Meltdown In Tibet: China’s Reckless Destruction Of Ecosystems

Michael Buckley turns the spotlight on the darkest side of China’s emergence as a global super power in this book .Tibetans have experienced waves of genocide since the 1950s. Now they are facing ecocide. The Himalayan snowcaps are in meltdown mode, due to climate change―accelerated by a rain of black soot from massive burning of coal and other fuels in both China and India. The mighty rivers of Tibet are being dammed by Chinese engineering consortiums to feed the mainland’s thirst for power, and the land is being relentlessly mined in search of minerals to feed China’s industrial complex. On the drawing board are plans for a massive engineering project to divert water from Eastern Tibet to water-starved Northern China. Ruthless Chinese repression leaves Tibetans powerless to stop the reckless destruction of their sacred land, but they are not the only victims of this campaign: the nations downstream from Tibet rely heavily on rivers sourced in Tibet for water supply, and for rich silt used in agriculture. This destruction of the region’s environment has been happening with little scrutiny until now. 

Here are excerpts from the book:

“Tibet’s glaciers are melting rapidly, and its lakes are drying up. The
plateau is under siege from climate-change factors, but instead of
seeking ways to minimize the impact of all this, China is aggravating the
situation. Chinese hydro consortiums are damming the heck out of the
rivers of Tibet, blocking their flows. Extensive mining by Chinese
companies is degrading the land, with high potential to pollute rivers
downstream. The grasslands of Tibet are being encroached upon by
Why should this matter to someone sitting halfway across the world?
Well, for reasons that you will discover in this book, environmental
meltdown in Tibet is going to have a huge impact. The initial impact
will be on the nations downstream. Any water shortages will disrupt rice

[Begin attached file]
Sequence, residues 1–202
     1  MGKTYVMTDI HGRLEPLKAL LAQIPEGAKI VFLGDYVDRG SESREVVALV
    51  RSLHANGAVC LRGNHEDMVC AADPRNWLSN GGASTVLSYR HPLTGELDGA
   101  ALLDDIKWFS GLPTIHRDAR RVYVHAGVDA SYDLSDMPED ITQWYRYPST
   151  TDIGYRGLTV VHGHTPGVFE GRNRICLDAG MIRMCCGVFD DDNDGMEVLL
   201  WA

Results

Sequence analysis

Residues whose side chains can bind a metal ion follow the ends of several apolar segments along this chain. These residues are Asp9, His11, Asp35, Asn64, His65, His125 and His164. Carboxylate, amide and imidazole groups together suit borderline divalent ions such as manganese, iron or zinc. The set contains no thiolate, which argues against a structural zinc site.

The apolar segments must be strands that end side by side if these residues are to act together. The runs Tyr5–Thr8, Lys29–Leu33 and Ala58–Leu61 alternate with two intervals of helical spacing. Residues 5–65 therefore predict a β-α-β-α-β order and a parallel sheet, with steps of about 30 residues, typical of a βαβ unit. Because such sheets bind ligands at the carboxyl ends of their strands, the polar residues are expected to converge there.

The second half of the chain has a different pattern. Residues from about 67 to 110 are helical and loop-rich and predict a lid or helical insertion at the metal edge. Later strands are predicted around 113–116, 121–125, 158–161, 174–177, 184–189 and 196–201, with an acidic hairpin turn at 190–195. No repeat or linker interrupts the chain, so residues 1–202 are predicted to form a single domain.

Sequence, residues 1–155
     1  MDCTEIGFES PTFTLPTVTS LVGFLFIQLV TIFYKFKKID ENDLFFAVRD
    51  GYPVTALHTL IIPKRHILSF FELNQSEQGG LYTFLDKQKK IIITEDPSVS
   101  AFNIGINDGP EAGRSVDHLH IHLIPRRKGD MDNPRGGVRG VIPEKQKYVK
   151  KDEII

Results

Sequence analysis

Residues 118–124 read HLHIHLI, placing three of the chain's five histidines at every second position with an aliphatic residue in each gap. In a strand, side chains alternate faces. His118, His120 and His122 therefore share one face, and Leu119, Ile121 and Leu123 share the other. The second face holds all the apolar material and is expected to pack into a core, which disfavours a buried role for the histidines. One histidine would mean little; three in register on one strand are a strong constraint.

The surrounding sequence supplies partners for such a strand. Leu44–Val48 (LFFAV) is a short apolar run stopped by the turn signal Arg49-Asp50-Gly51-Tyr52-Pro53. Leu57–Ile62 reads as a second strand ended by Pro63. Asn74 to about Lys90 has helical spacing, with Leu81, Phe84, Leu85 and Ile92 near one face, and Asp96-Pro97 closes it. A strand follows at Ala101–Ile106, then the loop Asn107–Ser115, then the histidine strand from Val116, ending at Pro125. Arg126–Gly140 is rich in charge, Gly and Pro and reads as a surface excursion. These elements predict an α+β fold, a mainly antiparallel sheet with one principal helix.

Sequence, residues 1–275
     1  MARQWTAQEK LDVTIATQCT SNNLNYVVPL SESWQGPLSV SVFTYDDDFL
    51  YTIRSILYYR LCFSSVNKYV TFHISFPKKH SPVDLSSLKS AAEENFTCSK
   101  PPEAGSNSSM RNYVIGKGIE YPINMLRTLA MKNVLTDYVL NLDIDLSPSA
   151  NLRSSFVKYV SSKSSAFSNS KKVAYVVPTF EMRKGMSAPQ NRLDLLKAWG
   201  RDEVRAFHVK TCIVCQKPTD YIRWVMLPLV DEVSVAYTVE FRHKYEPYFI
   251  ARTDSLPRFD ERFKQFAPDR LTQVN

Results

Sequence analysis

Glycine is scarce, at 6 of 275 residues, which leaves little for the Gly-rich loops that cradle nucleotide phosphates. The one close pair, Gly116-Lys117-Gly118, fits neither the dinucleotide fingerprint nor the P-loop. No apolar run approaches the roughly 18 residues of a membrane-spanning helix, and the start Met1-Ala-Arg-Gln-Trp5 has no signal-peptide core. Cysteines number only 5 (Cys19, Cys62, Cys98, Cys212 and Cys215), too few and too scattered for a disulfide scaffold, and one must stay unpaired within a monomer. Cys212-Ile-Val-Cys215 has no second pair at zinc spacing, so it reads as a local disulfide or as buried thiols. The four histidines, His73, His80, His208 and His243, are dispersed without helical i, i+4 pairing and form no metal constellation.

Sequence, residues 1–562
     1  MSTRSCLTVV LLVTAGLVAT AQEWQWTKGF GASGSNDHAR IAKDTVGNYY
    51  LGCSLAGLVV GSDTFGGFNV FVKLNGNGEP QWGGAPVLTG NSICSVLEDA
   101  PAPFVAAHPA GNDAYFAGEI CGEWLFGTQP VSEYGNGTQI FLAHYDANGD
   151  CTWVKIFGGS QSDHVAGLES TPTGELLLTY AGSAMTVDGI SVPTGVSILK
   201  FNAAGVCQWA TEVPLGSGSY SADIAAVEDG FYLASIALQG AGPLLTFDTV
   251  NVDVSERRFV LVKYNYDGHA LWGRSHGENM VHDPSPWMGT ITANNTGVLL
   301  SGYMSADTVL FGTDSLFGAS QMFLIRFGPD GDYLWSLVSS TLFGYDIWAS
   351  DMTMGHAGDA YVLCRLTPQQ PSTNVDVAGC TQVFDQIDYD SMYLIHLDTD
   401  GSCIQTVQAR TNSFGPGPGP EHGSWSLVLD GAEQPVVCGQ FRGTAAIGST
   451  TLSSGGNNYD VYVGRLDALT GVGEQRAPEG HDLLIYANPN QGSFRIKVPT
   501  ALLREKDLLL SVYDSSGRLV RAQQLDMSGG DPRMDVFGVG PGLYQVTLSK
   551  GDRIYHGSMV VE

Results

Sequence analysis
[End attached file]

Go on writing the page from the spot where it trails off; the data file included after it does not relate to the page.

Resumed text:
or wheat harvests and drive grain prices to record highs, causing great
social unrest—and causing nations like China or India to import massive
quantities of grain.
What appears to be just a Tibetan Plateau problem or a Chinese
problem is going to become an Asia-wide problem. Ultimately, this will
become a global problem because there are no boundaries when it comes
to environmental impact. A volcano erupts in Iceland and spews volcanic
ash into the atmosphere—which shuts down flights over the whole of
Europe. A tsunami triggers a meltdown at a nuclear reactor in
Fukushima, putting Japan on alert for radioactive fallout—and leaking
radioactive water into the Pacific Ocean, impacting marine life. Massive
clear-cutting of forests in Tibet and expanding desertification of
grasslands have severely impacted regional ecosystems and may
influence extreme weather patterns in Asia. Tibet sits on the largest
permafrost layers outside of the two poles. As the permafrost starts to
thaw, it releases significant amounts of carbon dioxide and methane into
the atmosphere. Methane is a superpotent greenhouse gas, thought to be
some 20 times stronger than carbon dioxide.
We only have one Tibet. There are no backups, no second chances. If
the water resources of the Tibetan plateau should be blocked or diverted,
or become polluted, then Asia will tumble into chaos. His Holiness the
Dalai Lama, a great believer in interdependence and the
interconnectedness of all living things, captures the heart of the matter
in a few sentences: “Destruction of nature and natural resources results
from ignorance, greed and lack of respect for the earth’s living beings….
Our ancestors viewed the earth as rich and bountiful, which it is. Many
people in the past also saw nature as inexhaustibly sustainable, which
we now know is the case only if we care for it.”

(The book is available at

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